Researchers have determined what could be considered a “Goldilocks” climate for rainfall use by plants: not too wet and not too dry.
But those landscapes are likely to shrink and become less productive in the future through climate change, said Stephen Good, a hydrologist at Oregon State University and lead author on a recent study, published in the journal Nature Ecology and Evolution.
Good led a research team that used models to determine the optimal amount of rainfall for the plants to be most productive in ecosystems.
“We found that the fraction of rainfall an ecosystem can use is largest at intermediate climates,” said Good, assistant professor in OSU’s College of Agricultural Sciences. “We’re seeing through climate change that wet landscapes are getting wetter and dry landscapes are getting drier. Ecosystems in both of these types of climate will use less of their rainfall for growth.”
The study is based on measuring transpiration – the process by which moisture is carried through plants from roots to small pores on the underside of leaves, where it changes to vapor and is released to the atmosphere. Transpiration is essentially evaporation of water from plant leaves, Good said.
“When you think of water as a resource, transpiration is the total amount of water a plant is able to use,” Good said. “It’s the part of the water cycle that is most linked to productivity of plants, ecosystems and agricultural systems. If environments could become more extreme, then plants could be less productive.”
Georgianne Moore, study coauthor and associate professor in the Department of Ecosystem Science and Management at Texas A&M University, said the researchers determined a “mesic maximum”–the middle of the curve between the two ends of the climate spectrum.
“The fraction that occurs in a climate in that range is the balance where the plants can use slightly more moisture than what they usually get, which makes plants optimize the use of water for beneficial growth. You could call it the sweet spot,” she said.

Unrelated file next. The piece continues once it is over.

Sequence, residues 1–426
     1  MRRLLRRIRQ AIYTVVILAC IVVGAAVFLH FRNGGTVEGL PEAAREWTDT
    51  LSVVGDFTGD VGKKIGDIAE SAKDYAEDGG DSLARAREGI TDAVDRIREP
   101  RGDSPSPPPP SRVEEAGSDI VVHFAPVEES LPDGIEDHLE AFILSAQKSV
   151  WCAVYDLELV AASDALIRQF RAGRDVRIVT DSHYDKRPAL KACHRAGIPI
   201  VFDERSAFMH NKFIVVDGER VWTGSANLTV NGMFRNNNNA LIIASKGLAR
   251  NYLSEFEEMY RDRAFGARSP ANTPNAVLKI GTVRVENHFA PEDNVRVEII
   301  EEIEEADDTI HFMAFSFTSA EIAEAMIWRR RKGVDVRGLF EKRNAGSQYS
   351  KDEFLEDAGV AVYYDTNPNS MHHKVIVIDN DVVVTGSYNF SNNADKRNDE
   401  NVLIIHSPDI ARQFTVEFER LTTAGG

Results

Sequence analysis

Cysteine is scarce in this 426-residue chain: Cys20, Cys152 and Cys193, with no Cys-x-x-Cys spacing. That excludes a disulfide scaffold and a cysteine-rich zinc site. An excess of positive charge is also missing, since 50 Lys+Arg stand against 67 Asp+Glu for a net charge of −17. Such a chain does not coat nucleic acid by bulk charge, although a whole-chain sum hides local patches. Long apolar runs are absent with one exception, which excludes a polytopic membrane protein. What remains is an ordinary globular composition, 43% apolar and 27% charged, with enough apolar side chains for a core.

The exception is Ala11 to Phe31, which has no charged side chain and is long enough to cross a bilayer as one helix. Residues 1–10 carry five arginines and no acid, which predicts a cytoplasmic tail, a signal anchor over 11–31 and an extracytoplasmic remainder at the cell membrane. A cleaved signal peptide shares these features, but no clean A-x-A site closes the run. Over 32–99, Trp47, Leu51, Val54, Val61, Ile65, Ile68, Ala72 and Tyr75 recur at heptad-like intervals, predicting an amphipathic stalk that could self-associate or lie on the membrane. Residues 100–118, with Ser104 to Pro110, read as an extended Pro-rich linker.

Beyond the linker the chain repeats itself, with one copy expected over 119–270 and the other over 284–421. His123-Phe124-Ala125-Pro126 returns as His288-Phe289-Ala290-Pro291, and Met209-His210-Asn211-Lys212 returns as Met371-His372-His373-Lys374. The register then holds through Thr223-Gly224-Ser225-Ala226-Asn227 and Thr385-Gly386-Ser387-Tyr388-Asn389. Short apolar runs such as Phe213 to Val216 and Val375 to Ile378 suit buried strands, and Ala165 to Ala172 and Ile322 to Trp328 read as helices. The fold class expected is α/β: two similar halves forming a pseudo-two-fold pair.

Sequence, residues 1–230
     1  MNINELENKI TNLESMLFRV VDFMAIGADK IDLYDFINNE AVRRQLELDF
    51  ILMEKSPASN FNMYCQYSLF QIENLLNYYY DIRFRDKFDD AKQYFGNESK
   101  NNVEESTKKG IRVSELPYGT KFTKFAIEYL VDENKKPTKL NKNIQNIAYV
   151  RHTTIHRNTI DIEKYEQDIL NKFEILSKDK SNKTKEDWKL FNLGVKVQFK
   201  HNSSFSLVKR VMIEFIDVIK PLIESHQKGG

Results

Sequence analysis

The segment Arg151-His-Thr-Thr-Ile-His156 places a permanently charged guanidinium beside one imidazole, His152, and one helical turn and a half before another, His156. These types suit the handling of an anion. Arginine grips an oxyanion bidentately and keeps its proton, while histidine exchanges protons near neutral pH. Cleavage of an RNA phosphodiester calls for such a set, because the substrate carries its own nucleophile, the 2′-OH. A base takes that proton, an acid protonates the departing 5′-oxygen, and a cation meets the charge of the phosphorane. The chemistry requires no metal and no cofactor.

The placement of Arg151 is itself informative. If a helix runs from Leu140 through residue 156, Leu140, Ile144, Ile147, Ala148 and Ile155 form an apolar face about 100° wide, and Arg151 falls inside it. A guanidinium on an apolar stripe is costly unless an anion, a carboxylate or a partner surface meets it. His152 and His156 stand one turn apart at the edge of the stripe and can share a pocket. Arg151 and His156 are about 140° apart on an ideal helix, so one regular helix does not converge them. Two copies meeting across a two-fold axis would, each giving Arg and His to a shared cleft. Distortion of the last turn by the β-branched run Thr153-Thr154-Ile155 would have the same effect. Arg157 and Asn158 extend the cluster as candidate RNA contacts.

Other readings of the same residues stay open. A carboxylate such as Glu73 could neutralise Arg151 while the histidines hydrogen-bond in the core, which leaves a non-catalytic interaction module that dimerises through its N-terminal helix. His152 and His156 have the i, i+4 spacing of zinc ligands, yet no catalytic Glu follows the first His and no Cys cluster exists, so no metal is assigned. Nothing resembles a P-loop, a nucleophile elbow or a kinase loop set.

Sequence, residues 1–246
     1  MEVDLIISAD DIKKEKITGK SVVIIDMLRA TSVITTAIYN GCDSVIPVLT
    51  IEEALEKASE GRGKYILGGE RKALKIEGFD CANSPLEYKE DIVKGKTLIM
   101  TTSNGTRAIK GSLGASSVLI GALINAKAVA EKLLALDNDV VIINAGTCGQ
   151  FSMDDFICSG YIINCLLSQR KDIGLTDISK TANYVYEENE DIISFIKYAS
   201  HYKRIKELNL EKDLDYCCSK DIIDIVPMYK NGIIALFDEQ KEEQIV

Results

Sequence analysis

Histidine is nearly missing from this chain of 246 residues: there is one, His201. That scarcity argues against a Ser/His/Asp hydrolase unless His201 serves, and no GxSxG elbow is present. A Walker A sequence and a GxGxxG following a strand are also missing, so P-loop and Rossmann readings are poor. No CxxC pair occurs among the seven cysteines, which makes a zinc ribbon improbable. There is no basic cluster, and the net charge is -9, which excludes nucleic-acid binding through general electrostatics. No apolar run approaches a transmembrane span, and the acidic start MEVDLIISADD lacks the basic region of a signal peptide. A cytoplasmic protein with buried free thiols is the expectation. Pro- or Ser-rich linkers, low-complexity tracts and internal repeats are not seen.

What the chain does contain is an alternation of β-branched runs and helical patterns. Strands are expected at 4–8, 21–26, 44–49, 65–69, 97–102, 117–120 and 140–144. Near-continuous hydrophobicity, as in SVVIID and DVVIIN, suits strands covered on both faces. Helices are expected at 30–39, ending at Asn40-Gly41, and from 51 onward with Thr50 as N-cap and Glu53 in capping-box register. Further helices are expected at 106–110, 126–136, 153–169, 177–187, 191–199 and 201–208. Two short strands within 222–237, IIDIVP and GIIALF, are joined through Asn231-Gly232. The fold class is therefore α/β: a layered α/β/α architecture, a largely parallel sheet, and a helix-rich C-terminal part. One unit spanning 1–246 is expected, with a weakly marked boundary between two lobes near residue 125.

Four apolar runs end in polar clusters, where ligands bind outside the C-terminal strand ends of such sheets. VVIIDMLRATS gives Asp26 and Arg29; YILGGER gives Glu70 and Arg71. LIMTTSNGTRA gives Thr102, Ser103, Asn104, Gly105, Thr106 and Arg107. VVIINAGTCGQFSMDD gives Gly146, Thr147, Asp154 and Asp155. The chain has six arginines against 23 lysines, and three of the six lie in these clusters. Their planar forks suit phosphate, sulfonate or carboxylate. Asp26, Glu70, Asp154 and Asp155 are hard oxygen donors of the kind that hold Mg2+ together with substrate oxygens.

This new information can help scientists determine where optimal transpiration is in a given climate and how different management practices might change that, i.e., replacing older trees with younger trees or replacing grassland with cropland.
The researchers used data from real landscapes, and they also modeled the outcomes using a novel mathematical approach. The model shows how rainfall is partitioned between plant water use, evaporation, runoff and interception.
“The projection very closely matches what was observed in field stations around the globe,” Moore said. “We produced a map based on the model to show what parts of the world will fall off the curve and no longer use their rainfall as efficiently for beneficial growth.”
If these ecosystems don’t get irrigated or have another option to get water, their production can be expected to decline, said Moore, who holds a doctorate in environmental sciences from OSU.
“It’s going to be a wet gets wetter, dry gets drier world,” she said. “There could be big consequences, as it will affect forests, grasslands, savannas and deserts. Scientists can now use the model we have to help make predictions about the future of these plant communities.”